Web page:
Research Feature with Dr. Laurie Barclay | Gordon S. Lang School of Business and Economics

Research Feature with Dr. Laurie Barclay

Posted on Thursday, February 15th, 2024

Macdonald Hall

Laurie Barclay is a full professor and the Lang Chair in Leadership. Her research interests focus on creating, maintaining, and enhancing healthy workplaces through fairness and justice, leadership, EDI (equity, diversity, and inclusion), and related topics (e.g., behavioral ethics, and conflict management). 

What is the overarching focus of your research program? 

My research examines how to create, maintain, and enhance healthy workplaces through fairness and justice, leadership, EDI (equity, diversity, and inclusion) and related topics (e.g., behavioral ethics, conflict management).

Briefly describe a research problem or issue you are currently investigating. What questions or challenges are you hoping to address?

Traditionally, my research has focused on promoting fairness within the workplace. However, I have recently expanded this focus to explore how evidence-based insights and practices from the workplace can be leveraged to further promote fairness within society. Given the challenges that society is facing around issues such as climate change, political extremism, and recognizing/addressing systemic injustices, my coauthor (Bob Bies, Georgetown University) and I have argued that it is critical to recognize the pain and trauma that is often embedded in these issues and facilitate healing. Said differently, injustice often lies at the heart of many societal challenges. As such, we need to recognize and address this injustice to facilitate healing and promote justice. Importantly, our research highlights the role of justice within the healing process, including how justice can serve as a motivating force (e.g., when people desire justice), healing salve (e.g., when people “do justice”), and desired end state (e.g., working towards a just society). Ultimately, our objective is to provide evidence-based insights that not only address injustice and promote fairness within organizations but also within society.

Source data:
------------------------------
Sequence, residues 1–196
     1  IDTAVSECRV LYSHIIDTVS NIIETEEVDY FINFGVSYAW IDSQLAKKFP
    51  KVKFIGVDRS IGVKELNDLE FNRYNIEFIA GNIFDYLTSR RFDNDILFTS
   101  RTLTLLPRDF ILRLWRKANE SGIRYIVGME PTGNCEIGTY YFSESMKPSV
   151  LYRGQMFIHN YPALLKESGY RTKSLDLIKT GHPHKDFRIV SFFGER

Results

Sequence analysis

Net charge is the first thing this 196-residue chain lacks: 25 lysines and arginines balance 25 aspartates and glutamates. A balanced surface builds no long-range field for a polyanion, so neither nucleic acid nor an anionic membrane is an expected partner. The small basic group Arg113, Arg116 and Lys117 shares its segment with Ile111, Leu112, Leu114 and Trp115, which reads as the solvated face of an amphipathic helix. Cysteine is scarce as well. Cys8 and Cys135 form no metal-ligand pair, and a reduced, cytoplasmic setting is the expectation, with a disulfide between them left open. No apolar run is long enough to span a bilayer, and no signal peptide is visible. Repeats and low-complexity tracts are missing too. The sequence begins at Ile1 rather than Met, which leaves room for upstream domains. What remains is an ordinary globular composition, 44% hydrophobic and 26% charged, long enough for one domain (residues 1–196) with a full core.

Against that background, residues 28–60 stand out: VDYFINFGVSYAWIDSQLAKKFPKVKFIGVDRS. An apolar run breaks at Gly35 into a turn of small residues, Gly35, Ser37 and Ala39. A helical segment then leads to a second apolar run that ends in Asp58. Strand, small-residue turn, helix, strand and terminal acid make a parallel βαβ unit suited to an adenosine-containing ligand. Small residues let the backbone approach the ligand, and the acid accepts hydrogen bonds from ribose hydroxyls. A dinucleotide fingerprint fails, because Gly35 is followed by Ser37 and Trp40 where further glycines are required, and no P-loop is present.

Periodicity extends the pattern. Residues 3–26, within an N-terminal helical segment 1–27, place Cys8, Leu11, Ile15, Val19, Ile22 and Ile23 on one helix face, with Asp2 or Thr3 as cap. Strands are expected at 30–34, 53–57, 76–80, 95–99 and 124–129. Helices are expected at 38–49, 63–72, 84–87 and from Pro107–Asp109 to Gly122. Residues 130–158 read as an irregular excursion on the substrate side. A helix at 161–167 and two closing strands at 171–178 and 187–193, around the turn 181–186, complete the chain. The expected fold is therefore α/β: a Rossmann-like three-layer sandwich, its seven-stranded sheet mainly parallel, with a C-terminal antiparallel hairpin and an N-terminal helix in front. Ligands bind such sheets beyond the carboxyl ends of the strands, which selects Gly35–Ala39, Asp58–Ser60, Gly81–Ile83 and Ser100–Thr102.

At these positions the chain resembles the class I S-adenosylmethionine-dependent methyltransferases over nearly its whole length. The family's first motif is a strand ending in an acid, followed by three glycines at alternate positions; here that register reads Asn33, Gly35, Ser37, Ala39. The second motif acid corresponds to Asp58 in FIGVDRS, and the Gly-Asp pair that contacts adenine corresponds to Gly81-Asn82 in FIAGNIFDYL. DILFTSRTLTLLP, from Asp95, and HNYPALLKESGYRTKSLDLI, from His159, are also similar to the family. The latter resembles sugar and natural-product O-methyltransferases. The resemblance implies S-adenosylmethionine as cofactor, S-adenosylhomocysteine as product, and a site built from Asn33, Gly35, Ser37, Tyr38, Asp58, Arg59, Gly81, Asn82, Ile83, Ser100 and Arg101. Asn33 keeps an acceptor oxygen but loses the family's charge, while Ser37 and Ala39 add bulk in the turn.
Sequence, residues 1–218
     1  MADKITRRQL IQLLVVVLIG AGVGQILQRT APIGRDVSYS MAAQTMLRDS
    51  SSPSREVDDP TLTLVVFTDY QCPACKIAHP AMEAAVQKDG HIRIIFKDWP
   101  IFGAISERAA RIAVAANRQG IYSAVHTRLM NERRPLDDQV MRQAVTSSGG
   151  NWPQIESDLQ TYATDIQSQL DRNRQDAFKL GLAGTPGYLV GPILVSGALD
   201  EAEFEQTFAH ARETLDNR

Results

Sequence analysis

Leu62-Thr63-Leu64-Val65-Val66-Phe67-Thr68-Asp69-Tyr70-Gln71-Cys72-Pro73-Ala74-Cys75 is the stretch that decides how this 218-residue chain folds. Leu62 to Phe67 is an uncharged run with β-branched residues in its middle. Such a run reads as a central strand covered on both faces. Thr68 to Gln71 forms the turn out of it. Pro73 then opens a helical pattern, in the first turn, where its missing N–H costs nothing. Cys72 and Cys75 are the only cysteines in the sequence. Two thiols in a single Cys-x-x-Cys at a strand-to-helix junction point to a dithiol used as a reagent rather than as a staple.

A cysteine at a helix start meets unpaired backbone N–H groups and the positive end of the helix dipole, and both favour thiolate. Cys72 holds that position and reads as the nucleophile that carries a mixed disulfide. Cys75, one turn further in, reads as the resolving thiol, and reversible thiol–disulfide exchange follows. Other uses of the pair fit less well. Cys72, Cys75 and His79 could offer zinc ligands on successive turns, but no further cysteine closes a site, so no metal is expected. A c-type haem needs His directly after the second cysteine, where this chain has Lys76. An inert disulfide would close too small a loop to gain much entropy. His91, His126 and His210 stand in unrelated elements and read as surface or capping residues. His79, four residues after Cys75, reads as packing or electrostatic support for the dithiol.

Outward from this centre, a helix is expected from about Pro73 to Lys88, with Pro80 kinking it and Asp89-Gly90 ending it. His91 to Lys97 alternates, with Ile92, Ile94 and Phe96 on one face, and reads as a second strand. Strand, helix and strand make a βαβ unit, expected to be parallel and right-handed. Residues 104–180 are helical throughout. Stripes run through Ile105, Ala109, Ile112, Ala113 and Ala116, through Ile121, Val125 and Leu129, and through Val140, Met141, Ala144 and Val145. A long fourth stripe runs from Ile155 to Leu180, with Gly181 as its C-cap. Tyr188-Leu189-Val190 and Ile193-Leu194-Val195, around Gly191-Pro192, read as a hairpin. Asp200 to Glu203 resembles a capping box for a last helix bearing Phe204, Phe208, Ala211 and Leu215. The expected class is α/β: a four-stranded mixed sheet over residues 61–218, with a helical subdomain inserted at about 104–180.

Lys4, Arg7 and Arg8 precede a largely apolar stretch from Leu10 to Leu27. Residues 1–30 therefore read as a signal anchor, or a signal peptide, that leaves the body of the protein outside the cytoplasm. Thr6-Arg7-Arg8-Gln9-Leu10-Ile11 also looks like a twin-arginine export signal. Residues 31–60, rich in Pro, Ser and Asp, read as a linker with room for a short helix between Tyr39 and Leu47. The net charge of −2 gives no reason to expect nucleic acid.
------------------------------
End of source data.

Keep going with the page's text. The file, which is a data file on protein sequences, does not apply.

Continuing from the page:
Who is the target audience?  Why is your research important to this audience? Why does it matter?

We have issued calls to action for both scholars and practitioners to engage in courageous action to recognize the toll of injustice, promote healing, and work towards a more just society. For scholars, this involves recognizing the pain and trauma of injustice, including how injustice can create challenges, such as loneliness and detract from mental health – topics that have traditionally been neglected and/or under-emphasized in the workplace. We also encourage scholars to provide further evidence-based insights and interventions that can be leveraged not only in organizations but also in broader society. For practitioners, this includes identifying sources of injustice that may be inadvertently embedded in their organizations, recognizing the pain and trauma of injustice, as well as using evidence-based practices to address injustice and promote justice in the workplace. Consistent with Lang’s mission, we also highlight how organizations can use business as a force for good by recognizing the impact of societal challenges within their organizations and working towards promote justice within society.

What is the wider social benefit of your research?

Our research showcases evidence-based knowledge, practical guidance, and interventions that can help address societal challenges. In doing so, we shed light on the importance of recognizing injustice and facilitating healing as well as provide important steps on the path toward creating a more just society.

What comes next?

We are currently starting work on a follow-up project that further elaborates on the process of healing, including factors that can serve as barriers and facilitators. Our hope is to build on our previous research that developed interventions that can help employees and leaders to overcome and prevent injustice to create interventions that can further mitigate injustice and promote justice within organizations and society at large.


Bies, R. J., & Barclay, L. J. (2023). Doing justice: Moving from the pain and trauma of injustice to healing. Organizational Psychology Review. DOI: 10.1177/20413866231225083

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